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'Sisters' Reborn

An old opera is made new again in the region's newest venue

By Philip Collins

THERE WAS quite a stir Saturday night at UC­Santa Cruz's recently inaugurated Music Center Recital Hall, where a large segment of the region's classical-music cognoscenti turned out for the American premiere of François Devienne's newly restored 1792 comic opera Les Visitandines. It seemed appropriate that a significant bit of musical archaeology was receiving its premiere in the area's newest performance space.

UC­Santa Cruz Professor Sherwood Dudley's reconstruction and editing of the fourth and most notorious opera by French composer Devienne (1759­1803) has been over a decade in the making, and Saturday marked the auspicious fruition of his labors. The opera was such a hit in its day that Devienne expanded the original two acts to three in 1793. The additional music was never published, however, and remained unknown until Dudley found a manuscript copy in Lille, France.

The full house embraced Les Visitandines' rebirth as if it were a long-lost friend, perhaps in part because of Devienne's unabashed use of familiar melodies by his more famous contemporary Mozart. But Les Visitandines has charms of its own, and the student-based troupe performed zealously, and at times with expertise, on its behalf under the stage direction of translator Miriam Ellis and conductor Dudley.

Les Visitandines could be coined a "champagne opera"--it's bubbly and makes listeners giggle. Not unlike a pair of Broadway-musical creators, Devienne and his librettist, Louis-Benoit Picard, sought no greater end than entertainment, and the Dudley/Ellis team's revival exemplifies this strategy in winning fashion.

Devienne's farce about two lads' mischievous escapades inside the convent of Les Visitandines offers lighthearted pokes at the papacy and a series of assorted predicaments too silly to mention. Suffice it to say that Belfort, a recently imprisoned philanderer, and Frontin, his comrade, gain entry to the convent disguised as a nun and priest respectively so that Belfort might extricate his beloved Euphémie--a novice about to take her vows into sisterhood.

In keeping with the genre, a series of absurd misunderstandings and deceptions follow. In addition to such episodes of modest hilarity, however, the opera also presents abundant opportunities for the display of vocal wares, which at least a few cast members put to good advantage.

Soprano Susannah Murray was glowing as Euphémie, imbuing the work's feature arias with a sweetness of tone that encompassed her role's considerable range while also manifesting the character's innocence. Candace Roberts' Sister Bonaventure brought another high point to the show with her natty, animated delivery of the libretto's funniest number--"There's no need to spell it out completely"--a nun's confessional aria alluding to youthful exploits with the opposite sex.

Bradford Shreve's assertive, but short-lived, contribution as the coachman turned out to be one of the evening's only convincing male vocalizations. Although Brian Maples' and Adam Hobbs' performances as Belfort and Frontin were dramatically adequate, their song entries wavered distractingly. As Grégoire, the convent gardener who assists the gents in their connivery, Joshua Bongers brought a lively predisposition to bear, but his incessant inebriation wore out its welcome early, and his vocal projection did not do justice to his dulcet baritone instrument.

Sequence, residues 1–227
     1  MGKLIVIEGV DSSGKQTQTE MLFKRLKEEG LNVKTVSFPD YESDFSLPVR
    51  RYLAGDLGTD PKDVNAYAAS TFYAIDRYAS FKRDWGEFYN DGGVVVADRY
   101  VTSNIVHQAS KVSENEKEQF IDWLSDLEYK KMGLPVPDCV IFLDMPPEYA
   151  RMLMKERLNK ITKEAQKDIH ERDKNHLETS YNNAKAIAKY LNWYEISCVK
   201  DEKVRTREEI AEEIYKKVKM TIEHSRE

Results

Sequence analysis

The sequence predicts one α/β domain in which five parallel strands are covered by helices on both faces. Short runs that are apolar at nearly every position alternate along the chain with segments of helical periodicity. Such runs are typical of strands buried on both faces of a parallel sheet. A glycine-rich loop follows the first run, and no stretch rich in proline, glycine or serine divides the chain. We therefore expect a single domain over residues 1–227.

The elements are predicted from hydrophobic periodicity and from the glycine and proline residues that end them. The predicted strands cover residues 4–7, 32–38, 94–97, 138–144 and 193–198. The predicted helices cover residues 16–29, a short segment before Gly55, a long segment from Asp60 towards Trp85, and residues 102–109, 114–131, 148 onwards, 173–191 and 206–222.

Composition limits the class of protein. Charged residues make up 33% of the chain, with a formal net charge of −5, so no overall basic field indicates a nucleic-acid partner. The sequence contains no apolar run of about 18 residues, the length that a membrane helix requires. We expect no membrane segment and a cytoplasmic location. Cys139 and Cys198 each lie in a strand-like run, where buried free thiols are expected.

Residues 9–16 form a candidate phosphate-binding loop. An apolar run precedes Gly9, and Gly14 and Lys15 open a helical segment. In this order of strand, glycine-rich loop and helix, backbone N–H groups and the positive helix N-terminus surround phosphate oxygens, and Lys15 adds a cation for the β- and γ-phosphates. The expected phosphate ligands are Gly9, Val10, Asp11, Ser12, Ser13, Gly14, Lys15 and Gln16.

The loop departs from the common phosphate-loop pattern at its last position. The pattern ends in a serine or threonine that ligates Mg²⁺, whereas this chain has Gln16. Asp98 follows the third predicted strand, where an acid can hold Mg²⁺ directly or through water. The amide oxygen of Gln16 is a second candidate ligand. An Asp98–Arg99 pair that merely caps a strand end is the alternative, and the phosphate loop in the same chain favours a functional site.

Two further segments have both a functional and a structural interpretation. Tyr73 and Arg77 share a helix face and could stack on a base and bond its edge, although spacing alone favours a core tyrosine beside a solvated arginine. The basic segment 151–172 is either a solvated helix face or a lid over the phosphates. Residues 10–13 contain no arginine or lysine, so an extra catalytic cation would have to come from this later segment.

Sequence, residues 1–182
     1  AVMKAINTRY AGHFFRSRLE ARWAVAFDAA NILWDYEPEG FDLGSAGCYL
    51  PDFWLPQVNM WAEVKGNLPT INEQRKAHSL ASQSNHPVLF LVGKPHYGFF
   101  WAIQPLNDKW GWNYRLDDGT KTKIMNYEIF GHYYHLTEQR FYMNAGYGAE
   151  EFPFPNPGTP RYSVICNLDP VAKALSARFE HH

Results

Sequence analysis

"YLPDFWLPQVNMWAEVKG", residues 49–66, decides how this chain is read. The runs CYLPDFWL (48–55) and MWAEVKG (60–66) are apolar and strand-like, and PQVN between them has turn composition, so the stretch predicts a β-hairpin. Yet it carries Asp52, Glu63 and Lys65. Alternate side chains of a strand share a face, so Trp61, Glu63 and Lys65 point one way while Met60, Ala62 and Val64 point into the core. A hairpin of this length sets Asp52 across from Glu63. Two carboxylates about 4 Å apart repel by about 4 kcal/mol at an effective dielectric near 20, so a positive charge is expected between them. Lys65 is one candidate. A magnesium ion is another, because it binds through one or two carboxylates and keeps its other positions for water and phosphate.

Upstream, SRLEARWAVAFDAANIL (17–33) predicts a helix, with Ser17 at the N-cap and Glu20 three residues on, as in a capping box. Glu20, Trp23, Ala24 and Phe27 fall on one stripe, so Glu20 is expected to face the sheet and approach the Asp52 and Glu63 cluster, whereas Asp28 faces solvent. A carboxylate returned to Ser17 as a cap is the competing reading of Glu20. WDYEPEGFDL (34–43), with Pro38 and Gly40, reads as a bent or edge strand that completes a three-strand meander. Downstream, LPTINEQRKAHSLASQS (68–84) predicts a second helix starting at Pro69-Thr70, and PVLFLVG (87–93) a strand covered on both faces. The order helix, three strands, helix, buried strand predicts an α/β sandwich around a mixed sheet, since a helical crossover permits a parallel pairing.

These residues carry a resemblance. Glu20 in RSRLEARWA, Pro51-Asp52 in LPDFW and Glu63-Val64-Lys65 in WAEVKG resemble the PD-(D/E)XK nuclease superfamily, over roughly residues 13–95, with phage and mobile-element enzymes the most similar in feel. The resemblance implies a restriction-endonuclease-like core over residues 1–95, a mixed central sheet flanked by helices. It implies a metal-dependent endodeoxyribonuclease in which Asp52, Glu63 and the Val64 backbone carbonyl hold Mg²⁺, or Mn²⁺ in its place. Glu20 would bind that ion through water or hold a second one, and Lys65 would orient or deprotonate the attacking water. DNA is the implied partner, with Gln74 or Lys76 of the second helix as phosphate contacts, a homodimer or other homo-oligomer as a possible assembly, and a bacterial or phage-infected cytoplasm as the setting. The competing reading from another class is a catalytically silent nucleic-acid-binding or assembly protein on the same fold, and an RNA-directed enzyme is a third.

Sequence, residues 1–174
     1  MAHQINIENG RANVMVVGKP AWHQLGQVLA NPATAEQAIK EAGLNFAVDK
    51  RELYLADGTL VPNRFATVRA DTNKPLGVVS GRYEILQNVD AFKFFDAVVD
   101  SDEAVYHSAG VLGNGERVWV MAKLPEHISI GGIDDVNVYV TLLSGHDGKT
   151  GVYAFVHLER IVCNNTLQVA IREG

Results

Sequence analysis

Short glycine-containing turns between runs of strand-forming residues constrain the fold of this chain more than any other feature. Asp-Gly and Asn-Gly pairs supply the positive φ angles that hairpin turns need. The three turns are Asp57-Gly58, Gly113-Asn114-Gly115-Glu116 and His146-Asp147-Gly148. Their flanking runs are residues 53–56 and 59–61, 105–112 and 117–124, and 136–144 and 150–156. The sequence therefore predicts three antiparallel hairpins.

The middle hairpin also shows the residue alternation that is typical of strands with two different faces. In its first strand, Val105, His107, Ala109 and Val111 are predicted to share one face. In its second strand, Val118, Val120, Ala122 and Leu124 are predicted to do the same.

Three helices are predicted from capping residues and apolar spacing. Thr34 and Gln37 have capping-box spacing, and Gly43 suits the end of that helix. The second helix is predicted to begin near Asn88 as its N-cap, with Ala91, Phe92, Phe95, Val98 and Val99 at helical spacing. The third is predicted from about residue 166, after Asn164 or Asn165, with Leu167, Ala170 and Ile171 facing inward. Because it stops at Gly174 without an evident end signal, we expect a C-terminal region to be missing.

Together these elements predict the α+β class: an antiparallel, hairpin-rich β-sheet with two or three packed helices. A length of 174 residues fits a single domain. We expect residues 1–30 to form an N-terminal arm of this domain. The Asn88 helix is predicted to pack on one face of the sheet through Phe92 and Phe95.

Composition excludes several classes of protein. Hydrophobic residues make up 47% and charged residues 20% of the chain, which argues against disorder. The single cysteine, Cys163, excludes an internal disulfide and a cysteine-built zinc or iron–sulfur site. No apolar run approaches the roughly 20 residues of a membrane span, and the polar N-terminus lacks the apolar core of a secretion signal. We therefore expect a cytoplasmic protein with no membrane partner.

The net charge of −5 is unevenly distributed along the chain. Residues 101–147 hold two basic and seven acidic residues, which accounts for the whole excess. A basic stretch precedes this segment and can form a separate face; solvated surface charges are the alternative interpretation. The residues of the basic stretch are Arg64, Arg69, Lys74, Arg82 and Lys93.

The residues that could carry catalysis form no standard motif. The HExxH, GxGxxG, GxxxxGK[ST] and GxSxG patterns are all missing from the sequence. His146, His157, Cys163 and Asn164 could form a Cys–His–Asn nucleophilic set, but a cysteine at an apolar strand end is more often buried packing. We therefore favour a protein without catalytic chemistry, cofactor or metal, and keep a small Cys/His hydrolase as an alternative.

The nuns' few choral numbers proved a surprising bonus. Their tightly aligned ensemble blends--buoyed by descriptive phrasing and honed intonation--added fire and vibrancy to the show's vocal agenda.

Although the score itself is less than memorable, and its song forms often predictably formulaic, it is nevertheless serviceable, and even handsomely crafted much of the time. It was easy to accept fleeting quotes from The Magic Flute and The Marriage of Figaro as grist for the mill, and certain instrumental episodes--the overture in particular--provided delightful setups to the ensuing scenes.

The orchestra managed splendidly from the recital hall's pit. Using a minimum of community ringers, Dudley coaxed attractive support from the ensemble, which, if short on luster, provided smoothly joined textures that were thoughtfully balanced and, for the most part, well-tuned.

Ellis' translation of the original French lyrics works wonderfully. Not only is it accountable to style and quite apt for vocalizing, but it captures some of the juiciest comic moments without resorting to the ephemeral gratifications of camp.

The new recital hall, which opened earlier this year but was not officially dedicated until May 22, also contributed its fair share to the evening's success. As witnessed at chamber-music and gamelan concerts, this 396-seat venue--which is malleable to varying acoustic needs--is user-friendly to performers and audience alike. Voices were cradled in an atmosphere of warmth that reinforced tone without muddying diction, and singers of even questionable carrying power--and there were a few--still could be heard over the orchestra.

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From the June 5-11, 1997 issue of Metro

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